Identity in Christ overshadows all other identities, and Thabiti Anyabwile makes a strong case for the truth that the solution to racial strife will not be simply a matter of re-education, but, rather, change at the “root of man’s being” which results in a longing for equality for all who bear the image of God.

Trillia Newbell emphasizes love — for God and for neighbors — as the driving force behind racial reconciliation.   Not only is our service more beneficial when we link arms with a diverse workforce, but, more importantly, the church that demonstrates unity in Christ through the gospel is putting the transforming work of the gospel on display.  Coming from an era in which I was encouraged to be “color blind,” I was enlightened by Trillia’s encouragement to “see color” in a celebration of ethnic differences that trumpets God’s creativity.  Open conversations about race beat a path away from apathy and its close cousin, racism, and toward open relationships.

There is a theme of reconciliation that permeates the narrative arc of Scripture, and Eric Mason likens the potential for racial reconciliation in the church to the impact that hip-hop music has had on the culture at large, a restoration of friendly relationships (conversations!) based on a shared interest.  The unity Paul calls for in Ephesians 4 is an element of the believer’s sanctification. Since, therefore, racism is sin, the believer is directed to war against it.

The quest for diversity within the church must extend beyond Sunday  morning, beyond a “reconciliation for hire” approach to staffing, and beyond a forced homogeneity that ignores the beautiful complexity of first-generation realities.  Matthew J. Hall and D.A. Horton address the theological influences that shaped our unique, born-in-the-USA-brand of racism, stressing that “if we’re going to get this right, we need to be honest about where we have gotten it wrong.”  May God in His mercy allow the church another opportunity to put on display the beauty of redemption and to represent Him well in our approach to racial reconciliation.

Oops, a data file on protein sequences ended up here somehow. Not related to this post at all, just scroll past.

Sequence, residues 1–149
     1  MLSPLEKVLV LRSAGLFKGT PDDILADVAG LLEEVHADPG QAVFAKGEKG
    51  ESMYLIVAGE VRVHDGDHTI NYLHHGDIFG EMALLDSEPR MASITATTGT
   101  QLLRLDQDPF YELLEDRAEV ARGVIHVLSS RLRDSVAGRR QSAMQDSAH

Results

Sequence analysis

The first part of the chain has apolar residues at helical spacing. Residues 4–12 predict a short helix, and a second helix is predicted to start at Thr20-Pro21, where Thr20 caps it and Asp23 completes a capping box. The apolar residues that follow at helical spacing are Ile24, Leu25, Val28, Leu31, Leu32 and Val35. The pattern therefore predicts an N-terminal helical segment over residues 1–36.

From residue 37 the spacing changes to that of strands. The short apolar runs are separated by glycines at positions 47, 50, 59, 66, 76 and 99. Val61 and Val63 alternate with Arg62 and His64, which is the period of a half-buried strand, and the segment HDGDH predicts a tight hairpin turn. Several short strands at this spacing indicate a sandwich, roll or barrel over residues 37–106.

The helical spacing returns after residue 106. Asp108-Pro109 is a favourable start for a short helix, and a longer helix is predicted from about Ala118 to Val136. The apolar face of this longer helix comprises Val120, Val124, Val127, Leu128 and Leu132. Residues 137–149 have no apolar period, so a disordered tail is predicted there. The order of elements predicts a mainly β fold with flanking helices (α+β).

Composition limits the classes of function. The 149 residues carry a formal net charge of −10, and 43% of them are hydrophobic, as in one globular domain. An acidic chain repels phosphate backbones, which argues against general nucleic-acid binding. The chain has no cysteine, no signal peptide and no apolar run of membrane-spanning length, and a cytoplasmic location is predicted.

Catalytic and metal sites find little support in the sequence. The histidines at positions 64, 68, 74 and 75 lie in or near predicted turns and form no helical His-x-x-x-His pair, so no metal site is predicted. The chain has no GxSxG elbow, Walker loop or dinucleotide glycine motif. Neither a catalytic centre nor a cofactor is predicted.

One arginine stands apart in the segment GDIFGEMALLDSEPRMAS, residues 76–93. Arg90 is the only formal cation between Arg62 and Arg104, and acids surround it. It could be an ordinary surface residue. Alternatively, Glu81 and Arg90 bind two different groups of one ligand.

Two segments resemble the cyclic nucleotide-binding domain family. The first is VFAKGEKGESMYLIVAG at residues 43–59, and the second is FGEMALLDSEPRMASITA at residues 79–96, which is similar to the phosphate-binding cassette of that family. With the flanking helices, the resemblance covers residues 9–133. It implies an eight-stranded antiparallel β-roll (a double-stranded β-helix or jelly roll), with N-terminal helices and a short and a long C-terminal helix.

By looking at the issues at the heart of racism, listening to the positions of those who are different from us, learning out of a generous position of humility, and living life together in a community that is redolent with the sweet nectar of Spirit-borne fruit, it may be that we can earn the right to speak truth into our culture.  In the New Testament, there are no fewer than twenty-two injunctions for believers to love one another, and first-century Christians left their world looking for the reason behind their inexplicable love.  What an honor and a miracle of grace it would be if the church could once again engage the culture with the gospel and embody a multicultural, multi-ethnic community that would render present day culture “with no excuse for not pursuing the God who reconciled us to Him and [to] each other.”

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This book was provided by B&H Publishing Group in exchange for my review.  I am disclosing this in accordance with the Federal Trade Commission’s 16 CFR, Part 255 : “Guides Concerning the Use of Endorsements and Testimonials in Advertising.”

If you enjoy reading Living Our Days, subscribe to get regular Bible studies and book reviews from delivered to your inbox.  Just enter your e-mail address in the box at the top of this page.

I link-up with a number of blogging  communities on a regular basis.  They are listed in the left sidebar by day of the week.  I hope that you will take a moment to enjoy reading the work of some of these fine writers and thinkers.